IRIS: Implicit Reinforcement without Interaction at Scale for Learning Control from Offline Robot Manipulation Data

11/13/2019 ∙ by Ajay Mandlekar, et al. ∙ 108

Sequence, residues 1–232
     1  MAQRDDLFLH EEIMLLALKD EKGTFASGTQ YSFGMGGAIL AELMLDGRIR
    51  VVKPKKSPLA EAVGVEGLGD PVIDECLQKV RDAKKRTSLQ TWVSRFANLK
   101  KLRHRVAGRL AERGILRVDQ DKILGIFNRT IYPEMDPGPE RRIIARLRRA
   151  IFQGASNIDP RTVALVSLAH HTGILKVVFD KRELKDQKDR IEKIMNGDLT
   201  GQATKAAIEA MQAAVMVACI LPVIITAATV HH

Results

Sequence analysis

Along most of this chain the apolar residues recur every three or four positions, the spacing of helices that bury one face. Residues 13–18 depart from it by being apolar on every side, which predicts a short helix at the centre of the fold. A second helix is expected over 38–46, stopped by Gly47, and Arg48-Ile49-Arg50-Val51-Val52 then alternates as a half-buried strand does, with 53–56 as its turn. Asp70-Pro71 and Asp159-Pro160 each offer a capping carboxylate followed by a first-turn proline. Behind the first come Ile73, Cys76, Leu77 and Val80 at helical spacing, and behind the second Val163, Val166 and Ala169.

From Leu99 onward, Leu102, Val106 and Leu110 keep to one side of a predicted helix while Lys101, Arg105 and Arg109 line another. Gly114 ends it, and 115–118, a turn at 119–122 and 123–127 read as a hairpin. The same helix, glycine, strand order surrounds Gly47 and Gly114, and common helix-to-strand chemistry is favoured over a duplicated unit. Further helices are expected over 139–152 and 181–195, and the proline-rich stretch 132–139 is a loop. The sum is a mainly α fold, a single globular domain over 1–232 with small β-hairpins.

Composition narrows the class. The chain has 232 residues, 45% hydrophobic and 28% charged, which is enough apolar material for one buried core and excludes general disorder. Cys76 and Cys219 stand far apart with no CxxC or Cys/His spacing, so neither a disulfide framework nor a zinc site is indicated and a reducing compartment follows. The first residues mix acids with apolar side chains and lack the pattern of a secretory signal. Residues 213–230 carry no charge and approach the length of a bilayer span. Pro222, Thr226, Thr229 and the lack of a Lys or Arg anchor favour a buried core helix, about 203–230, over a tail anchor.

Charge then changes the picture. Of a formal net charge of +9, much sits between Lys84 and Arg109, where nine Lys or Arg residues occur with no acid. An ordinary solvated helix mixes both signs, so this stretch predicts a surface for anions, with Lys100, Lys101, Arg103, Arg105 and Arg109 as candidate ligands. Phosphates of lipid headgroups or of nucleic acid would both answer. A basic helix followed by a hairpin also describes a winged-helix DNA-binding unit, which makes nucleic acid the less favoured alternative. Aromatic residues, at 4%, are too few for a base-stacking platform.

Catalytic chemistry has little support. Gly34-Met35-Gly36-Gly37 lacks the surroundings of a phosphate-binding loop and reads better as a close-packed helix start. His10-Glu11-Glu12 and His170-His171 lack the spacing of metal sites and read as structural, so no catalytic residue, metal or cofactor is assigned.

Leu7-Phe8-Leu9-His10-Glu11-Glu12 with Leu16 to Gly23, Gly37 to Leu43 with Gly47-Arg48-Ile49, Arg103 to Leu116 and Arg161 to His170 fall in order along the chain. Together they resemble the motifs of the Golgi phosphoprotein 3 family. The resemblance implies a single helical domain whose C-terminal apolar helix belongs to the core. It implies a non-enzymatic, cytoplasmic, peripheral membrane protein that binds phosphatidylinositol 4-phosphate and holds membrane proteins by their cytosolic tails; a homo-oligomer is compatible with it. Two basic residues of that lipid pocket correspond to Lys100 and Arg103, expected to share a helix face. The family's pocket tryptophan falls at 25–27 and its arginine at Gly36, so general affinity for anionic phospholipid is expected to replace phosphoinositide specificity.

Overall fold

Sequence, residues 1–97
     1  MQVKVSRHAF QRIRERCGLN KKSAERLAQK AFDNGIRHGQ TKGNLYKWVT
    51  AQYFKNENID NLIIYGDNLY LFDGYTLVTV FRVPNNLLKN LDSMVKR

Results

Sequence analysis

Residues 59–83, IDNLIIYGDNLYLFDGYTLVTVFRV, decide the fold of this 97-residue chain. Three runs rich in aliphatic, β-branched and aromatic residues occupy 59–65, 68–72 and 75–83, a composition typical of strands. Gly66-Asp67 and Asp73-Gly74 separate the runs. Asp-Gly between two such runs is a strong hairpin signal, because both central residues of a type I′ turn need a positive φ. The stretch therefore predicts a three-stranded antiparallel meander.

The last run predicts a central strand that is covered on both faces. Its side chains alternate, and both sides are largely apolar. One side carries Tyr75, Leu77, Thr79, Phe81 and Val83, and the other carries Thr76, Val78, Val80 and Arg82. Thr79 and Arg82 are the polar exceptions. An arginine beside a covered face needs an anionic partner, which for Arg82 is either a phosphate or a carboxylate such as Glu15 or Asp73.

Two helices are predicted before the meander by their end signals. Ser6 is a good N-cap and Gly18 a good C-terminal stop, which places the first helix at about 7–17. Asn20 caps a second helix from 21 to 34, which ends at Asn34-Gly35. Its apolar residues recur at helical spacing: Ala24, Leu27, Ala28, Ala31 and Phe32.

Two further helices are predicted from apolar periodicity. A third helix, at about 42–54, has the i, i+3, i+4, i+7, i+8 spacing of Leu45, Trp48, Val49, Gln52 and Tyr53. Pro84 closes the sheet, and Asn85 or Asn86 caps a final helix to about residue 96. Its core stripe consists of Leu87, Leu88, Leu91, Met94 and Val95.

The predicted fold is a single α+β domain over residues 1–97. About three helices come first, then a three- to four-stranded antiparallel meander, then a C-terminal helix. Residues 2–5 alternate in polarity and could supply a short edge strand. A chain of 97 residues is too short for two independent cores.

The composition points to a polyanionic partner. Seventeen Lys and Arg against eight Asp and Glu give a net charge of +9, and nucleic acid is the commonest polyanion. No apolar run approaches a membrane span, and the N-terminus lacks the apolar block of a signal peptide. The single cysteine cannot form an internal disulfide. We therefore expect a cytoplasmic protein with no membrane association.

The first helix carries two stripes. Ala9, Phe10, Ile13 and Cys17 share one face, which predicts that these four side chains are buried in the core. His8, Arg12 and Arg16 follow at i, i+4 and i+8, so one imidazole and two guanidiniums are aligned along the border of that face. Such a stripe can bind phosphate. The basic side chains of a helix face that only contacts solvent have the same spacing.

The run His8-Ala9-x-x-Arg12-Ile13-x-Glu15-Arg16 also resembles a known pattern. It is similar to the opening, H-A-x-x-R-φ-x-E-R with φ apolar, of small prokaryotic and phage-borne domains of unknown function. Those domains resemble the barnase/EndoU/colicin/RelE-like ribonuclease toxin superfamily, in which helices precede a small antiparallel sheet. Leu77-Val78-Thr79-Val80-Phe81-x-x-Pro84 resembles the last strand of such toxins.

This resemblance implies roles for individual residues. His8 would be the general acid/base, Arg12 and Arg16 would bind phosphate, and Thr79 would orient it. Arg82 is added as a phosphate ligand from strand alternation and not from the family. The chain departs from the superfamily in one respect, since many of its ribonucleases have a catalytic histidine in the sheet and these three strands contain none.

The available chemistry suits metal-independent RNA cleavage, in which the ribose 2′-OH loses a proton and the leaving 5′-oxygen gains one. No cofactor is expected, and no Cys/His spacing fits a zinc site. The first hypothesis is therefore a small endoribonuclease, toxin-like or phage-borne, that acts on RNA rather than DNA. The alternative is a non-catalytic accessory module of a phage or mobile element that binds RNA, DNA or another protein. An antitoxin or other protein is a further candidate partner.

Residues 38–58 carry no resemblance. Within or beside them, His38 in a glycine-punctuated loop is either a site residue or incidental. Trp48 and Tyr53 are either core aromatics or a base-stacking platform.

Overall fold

Learning from offline task demonstrations is a problem of great interest in robotics. For simple short-horizon manipulation tasks with modest variation in task instances, offline learning from a small set of demonstrations can produce controllers that successfully solve the task. However, leveraging a fixed batch of data can be problematic for larger datasets and longer-horizon tasks with greater variations. The data can exhibit substantial diversity and consist of suboptimal solution approaches. In this paper, we propose Implicit Reinforcement without Interaction at Scale (IRIS), a novel framework for learning from large-scale demonstration datasets. IRIS factorizes the control problem into a goal-conditioned low-level controller that imitates short demonstration sequences and a high-level goal selection mechanism that sets goals for the low-level and selectively combines parts of suboptimal solutions leading to more successful task completions. We evaluate IRIS across three datasets, including the RoboTurk Cans dataset collected by humans via crowdsourcing, and show that performant policies can be learned from purely offline learning. Additional results and videos at https://stanfordvl.github.io/iris/ .

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